Crib SheetTitle: Blazing Saddles: the Cruel and Unusual History of the Tour de France
Author: Matt Rendell
Publisher: VeloPress; Quercus (UK)
What is it? A year-by-year history of the Tour's most colorful episodes and characters.
Strengths: Just so bloody entertaining.
Weaknesses: I guess if I'm going to give something five stars, I should leave this part blank. Can't think of anything.
Rating: ★★★★★ (5 of 5)
British author Matt Rendell likes a good challenge. His first foray into writing cycling books was a 2003 piece on Colombian Cycling Heroes. Next was a book about riding the 2003 Tour with Lance, which sounds boring until you realize (as I just did) that it's Victor Hugo Pena's experience, not yet another writer's. Last year came The Death of Marco Pantani, an astounding journalistic feat delving down into ultra-sensitive, foreign territory. It was here I noticed Rendell and made a mental note to look for his next work.
After traveling the sensitive worlds of Colombian society and the Pantani family's inner sanctum, Rendell has turned to yet another monumentally challenging task: finding something original and interesting to say about the history of the Tour de France. Search "Tour de France" at Amazon.com and you'll be deluged with books on Lance Armstrong, repackaged race reports from the sport's most prolific journalists, a few larger retrospectives on Tour history, from studies of the Tour's place in the world to, say, the history of British riders in France. On and on.
What Rendell came up with is a book that takes a brief look at each edition of the Tour and tries to ferret out a story or two that adds color to the sport. It's a reference guide, mostly: ostensibly there's no running narrative, apart from the strangeness of humanity and the fact that the Tour's original director Henri Desgrange was a dangerous lunatic. Call it 92 stories about the Tour de France, if you will.
For much of the book, the stories are pure fun... at least from enough distance. Desgrange's live tests on the riders -- new rules concocted on the fly, routes over grueling and untested roads, etc. -- probably didn't seem like fun to the participants, bent as they were on winning the race and the glory and bristling against Desgrange's attempts to put on a good show. An example: prior to 1921, riders couldn't replace broken parts; they had to fix them or just carry on as is. In 1921, Desgrange allowed the riders to replace broken parts, but only if they carried them to the finish for inspection.
Leon Scieur had to carry a buckled wheel strapped to his back for 300 kilometers. The cogs cut deeply into his skin, scarring him for life. But he won the Tour de France.
Stories like this, or the bitter personal rivalries, or stories like Bottecchia singing on his bike, or Bahamontes comically waiting on a mountaintop for people to catch up, are light amusement to a reader in 2008. But the dark shadow of drugs begins creeping into the picture in 1923 and slowly advances, before taking over the book in the 1990s. The last two entries, concerning the last two Tours, could not be less fun, and Rendell has little to add beyond what we all know. Again, there isn't an explicit running narrative per se, but the anecdotes themselves, taken together, tell plenty.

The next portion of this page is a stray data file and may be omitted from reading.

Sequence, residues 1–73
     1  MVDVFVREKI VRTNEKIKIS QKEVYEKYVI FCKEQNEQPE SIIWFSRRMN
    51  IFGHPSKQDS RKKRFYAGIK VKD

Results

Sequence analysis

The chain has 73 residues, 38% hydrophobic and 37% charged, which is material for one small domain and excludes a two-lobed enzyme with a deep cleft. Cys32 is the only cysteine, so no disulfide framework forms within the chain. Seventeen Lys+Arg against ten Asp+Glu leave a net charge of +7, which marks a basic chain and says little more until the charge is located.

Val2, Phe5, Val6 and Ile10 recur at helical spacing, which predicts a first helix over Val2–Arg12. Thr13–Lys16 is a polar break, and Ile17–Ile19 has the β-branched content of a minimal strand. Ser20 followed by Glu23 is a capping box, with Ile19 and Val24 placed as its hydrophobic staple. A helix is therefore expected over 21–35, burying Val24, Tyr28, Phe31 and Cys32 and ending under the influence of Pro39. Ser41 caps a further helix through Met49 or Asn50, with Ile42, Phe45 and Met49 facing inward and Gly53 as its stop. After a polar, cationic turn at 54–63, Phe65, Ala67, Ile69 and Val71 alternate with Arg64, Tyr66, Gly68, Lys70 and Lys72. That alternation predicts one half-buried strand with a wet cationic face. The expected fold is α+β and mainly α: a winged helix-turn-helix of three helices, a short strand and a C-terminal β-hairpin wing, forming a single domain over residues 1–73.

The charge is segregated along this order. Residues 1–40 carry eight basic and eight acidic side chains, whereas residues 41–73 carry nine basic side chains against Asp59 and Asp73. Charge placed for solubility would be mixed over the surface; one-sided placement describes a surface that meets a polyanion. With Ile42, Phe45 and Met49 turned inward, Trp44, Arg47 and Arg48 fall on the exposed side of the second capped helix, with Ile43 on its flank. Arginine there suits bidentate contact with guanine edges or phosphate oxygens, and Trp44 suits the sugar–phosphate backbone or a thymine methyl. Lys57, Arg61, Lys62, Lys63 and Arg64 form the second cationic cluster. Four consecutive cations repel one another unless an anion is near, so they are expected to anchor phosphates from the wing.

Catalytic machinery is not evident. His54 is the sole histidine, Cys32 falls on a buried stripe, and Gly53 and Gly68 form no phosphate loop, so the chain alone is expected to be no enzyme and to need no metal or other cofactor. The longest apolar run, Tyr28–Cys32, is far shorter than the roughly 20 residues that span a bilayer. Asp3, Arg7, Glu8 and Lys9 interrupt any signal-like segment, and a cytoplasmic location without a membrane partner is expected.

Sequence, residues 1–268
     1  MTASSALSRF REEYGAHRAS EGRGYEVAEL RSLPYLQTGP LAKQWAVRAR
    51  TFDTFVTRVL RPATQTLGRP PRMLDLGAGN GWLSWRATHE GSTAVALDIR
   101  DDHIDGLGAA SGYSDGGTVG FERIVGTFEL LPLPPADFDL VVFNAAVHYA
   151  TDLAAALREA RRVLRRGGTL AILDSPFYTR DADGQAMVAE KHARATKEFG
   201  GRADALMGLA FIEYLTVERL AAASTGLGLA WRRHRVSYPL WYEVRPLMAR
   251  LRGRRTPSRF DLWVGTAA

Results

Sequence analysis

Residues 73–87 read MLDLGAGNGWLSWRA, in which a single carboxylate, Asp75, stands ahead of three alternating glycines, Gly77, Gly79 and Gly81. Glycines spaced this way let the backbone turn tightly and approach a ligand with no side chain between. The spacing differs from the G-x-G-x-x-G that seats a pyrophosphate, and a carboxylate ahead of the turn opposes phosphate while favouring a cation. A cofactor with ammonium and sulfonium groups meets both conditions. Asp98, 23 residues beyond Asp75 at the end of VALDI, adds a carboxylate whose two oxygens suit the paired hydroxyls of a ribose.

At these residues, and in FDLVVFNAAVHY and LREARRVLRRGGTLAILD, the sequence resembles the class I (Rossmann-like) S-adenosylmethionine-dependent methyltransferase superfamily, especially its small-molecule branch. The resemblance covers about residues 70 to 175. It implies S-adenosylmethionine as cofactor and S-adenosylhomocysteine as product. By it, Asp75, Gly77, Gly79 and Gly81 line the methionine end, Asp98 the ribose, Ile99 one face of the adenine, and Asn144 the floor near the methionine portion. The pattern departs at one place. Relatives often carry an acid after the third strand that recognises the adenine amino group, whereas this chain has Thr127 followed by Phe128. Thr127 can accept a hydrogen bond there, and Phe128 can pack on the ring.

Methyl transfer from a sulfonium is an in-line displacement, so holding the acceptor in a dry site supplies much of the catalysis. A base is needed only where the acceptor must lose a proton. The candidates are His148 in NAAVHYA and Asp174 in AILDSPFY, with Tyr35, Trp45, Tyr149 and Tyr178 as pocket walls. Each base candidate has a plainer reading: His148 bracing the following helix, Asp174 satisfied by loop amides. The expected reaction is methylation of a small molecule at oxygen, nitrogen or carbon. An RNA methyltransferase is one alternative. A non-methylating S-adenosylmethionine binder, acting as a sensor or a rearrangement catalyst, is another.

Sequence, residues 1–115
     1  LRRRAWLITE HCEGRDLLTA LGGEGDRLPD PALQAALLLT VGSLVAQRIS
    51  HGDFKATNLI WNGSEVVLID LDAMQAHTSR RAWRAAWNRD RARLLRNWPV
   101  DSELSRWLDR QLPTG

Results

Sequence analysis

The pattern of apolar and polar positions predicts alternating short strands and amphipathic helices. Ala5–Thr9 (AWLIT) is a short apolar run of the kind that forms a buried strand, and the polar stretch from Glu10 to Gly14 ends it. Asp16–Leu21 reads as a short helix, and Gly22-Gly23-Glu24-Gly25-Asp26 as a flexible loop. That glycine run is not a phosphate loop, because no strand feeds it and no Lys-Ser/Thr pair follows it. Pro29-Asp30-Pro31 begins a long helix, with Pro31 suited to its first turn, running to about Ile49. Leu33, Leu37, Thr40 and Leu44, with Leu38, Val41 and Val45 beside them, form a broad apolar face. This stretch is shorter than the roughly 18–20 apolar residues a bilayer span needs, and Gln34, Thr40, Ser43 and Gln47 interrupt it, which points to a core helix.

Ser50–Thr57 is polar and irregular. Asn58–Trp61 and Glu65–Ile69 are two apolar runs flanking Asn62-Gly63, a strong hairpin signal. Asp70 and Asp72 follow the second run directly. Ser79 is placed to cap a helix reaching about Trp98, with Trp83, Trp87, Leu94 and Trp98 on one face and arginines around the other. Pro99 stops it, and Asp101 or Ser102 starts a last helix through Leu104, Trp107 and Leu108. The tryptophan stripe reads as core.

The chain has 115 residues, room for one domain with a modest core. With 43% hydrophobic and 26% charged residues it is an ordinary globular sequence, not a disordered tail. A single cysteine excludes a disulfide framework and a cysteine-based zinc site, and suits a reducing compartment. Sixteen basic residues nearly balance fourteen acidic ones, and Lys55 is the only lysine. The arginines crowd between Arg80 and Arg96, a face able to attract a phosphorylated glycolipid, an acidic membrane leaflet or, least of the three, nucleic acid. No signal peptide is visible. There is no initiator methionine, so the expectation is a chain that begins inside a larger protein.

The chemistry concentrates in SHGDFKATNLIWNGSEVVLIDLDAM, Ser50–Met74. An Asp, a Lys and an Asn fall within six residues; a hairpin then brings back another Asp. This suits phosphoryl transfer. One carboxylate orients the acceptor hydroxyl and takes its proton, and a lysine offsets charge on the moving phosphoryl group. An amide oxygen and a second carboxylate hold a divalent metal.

But there's much more in the Tour's underbelly than well-documented doping cases, and the book's essential value lies in bringing many of the lost stories back to life. My own highlights are the portraits of the great champions. There's the arrogant Anquetil:
'...One of his greatest successes lies in giving Louison Bobet a complex: Louison eats grilled food, Jacques preferes marinated oysters; Bobet drinks mineral water, Anquetil sends the champagne corks flying; Bobet sleeps ten hours, Anquetil spends half the night driving, then appears at the start of a criterium the following day, fresh as a cucumber.' Anquetil's own summary was more succinct: 'To prepare for a race, nothing beats a good pheasant, champagne and a woman.'
And of course the insatiable Merckx:
During the 1968 Tour of Italy, Eddy Merckx was sharing a room with the Italian rider Vittorio Adorni. Merckx was first overall, and Adorni was second. The third-placed rider, Felice Gimondi, was more than ten minutes behind them. Merckx opened his suitcase, pulled out a map, and showed it to Adorni: 'Look! Tomorrow, we attack here!' Astonished, Adorni stammered, 'Attack? Attack who?'
Anecdotes without a purpose are just that, but the Tour de France, in its 105 years, is full of anecdotal evidence of the majesty and madness of the event. Rendell's selection probably only scratches the surface in 320 pages; hell, you couldn't capture all of this subject in three thousand pages. But Blazing Saddles carefully picks out those stories which lend both color and insight into the world's greatest race and the utterly abnormal people destined to ride it. As we emerge collectively from the monotonous domination of Armstrong and Indurain and from the shame of the latest doping era, and as (hopefully) the Tour de France restores its honor and dignity, it's a relief to think Cycling can maybe be fun once again.